We spent last weekend with our Boy Scout Troop at the Window Rock Cabin, another one of the rentals on the Gallatin National Forest.
It rained, it snowed, it blew, it was generally sort of a cold and pleasant misery.
This was our weekend to work on the Pioneering Merit Badge, so it seemed pretty appropriate to do other pioneer things, like sleep in an old log cabin, cook in cast iron pots in a wood stove, and realize that the pioneers didn’t really take off bad weather days to work.
So we set out to build a monkey bridge* on the morning of our second day, and finally completed it after dark, once we whipped and spliced rope ends, taught the boys how to do lashings and knots, and set good enough 3-2-1 anchors for the block and tackle du natural so nobody would be taking a whipper at the wrong time. Whippers involving Scouts tend to get mothers of Scouts excited, and requires a little bit of explaining on the parts of fathers of Scouts, and we all know how risky that can get.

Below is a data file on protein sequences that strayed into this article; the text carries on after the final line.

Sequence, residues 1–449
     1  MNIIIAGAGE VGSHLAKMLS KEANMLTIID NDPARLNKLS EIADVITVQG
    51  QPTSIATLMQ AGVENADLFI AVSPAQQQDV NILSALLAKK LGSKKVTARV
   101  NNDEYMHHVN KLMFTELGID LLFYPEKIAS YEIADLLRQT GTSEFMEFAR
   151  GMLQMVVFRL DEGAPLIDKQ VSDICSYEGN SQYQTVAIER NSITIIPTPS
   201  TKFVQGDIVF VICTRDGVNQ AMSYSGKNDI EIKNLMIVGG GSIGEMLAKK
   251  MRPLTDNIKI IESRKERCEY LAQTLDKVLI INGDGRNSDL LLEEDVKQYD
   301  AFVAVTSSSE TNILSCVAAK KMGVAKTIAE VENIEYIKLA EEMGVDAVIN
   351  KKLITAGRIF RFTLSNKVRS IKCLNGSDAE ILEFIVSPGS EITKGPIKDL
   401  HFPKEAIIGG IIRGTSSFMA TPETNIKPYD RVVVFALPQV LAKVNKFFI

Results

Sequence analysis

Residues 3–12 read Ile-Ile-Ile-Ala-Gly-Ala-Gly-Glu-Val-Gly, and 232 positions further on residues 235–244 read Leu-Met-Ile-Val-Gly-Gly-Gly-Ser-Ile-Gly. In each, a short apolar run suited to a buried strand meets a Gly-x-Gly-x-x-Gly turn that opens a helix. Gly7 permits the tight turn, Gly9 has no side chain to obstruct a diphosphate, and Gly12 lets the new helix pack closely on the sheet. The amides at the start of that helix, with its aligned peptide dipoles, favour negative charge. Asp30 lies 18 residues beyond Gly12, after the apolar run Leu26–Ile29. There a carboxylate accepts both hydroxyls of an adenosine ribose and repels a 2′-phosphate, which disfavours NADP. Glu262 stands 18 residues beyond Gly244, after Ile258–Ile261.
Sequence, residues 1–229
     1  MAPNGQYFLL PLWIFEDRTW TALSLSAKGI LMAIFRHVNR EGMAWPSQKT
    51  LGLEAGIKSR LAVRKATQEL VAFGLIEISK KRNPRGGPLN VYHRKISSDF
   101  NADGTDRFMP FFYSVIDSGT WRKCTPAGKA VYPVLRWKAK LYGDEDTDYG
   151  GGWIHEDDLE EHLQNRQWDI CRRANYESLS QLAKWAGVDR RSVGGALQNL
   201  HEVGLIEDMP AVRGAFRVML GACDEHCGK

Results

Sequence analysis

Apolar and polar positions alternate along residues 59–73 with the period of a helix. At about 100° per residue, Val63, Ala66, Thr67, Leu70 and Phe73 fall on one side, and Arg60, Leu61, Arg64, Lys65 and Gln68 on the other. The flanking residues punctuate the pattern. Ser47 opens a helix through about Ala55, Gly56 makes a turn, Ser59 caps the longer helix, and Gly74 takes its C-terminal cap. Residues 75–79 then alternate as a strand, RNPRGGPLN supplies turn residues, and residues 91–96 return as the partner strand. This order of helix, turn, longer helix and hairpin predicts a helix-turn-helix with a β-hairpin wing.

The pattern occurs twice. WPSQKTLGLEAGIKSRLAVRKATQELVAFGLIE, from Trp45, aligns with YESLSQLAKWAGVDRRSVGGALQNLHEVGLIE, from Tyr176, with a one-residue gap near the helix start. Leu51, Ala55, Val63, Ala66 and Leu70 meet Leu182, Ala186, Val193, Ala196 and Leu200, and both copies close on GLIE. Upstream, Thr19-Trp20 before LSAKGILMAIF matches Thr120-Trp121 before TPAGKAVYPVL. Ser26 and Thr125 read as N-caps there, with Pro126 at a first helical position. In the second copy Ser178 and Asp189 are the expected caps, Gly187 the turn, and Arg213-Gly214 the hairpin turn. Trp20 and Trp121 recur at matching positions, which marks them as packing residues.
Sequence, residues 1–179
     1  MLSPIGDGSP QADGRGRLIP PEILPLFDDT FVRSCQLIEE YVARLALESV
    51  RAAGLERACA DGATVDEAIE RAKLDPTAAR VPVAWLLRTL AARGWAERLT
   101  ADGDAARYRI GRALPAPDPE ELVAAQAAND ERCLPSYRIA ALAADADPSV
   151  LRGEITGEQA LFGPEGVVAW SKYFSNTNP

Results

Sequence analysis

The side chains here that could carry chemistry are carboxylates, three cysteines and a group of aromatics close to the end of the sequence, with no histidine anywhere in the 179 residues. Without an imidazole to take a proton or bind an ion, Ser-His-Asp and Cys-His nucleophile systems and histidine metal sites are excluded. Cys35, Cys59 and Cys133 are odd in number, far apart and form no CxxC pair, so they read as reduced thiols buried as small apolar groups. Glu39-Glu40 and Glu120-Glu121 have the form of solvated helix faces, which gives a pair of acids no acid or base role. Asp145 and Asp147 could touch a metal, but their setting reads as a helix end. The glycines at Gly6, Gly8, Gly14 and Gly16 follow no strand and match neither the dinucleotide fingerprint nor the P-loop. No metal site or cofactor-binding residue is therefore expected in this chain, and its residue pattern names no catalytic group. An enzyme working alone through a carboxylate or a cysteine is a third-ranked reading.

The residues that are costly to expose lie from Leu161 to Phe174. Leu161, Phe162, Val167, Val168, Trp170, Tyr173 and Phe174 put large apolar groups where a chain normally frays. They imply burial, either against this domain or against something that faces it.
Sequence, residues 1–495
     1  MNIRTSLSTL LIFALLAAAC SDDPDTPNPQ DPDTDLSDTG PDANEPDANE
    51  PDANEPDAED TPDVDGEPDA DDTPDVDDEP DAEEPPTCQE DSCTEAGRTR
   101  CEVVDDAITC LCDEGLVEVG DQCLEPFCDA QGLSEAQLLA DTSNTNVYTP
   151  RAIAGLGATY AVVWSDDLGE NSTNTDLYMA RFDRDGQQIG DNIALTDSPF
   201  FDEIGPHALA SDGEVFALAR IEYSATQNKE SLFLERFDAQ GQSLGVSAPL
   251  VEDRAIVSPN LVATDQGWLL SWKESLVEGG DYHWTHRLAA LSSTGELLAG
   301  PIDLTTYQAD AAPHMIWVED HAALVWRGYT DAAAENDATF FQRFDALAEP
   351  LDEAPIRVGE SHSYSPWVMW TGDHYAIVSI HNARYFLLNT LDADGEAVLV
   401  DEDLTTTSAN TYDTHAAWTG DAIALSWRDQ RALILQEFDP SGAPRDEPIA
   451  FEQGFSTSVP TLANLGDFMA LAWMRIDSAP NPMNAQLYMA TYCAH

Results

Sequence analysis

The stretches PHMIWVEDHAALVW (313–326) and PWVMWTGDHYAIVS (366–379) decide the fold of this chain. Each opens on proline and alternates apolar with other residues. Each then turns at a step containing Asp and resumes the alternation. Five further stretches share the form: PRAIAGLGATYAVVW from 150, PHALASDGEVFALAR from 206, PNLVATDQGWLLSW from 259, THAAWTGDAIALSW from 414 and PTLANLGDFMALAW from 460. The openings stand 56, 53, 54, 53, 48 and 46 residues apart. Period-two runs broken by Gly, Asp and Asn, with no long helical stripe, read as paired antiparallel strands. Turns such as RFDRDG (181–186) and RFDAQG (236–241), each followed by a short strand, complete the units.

I was sharing our monkey bridge building experience with a friend, who lives a long ways east of Montana. She was horrified that we’d expose young boys to this weather, even more so that we’d think about “making them” build a monkey bridge in it. I was confused. Different cultures, I guess.
She asked me how I’d feel if they all got sick?
I replied, “then I’d guess they’d need a few days to recover at home.”
“Ack! What about school?!” she asked.
“What do you mean, ‘what about school?’ They just had a whole weekend of it, a little break couldn’t hurt.”
* The origins of the rope-and-log monkey bridge are fuzzy. But, it does appear that it definitely came before the slackline, which some say is the result of a monkey bridge unfinished, by a slacker, of course.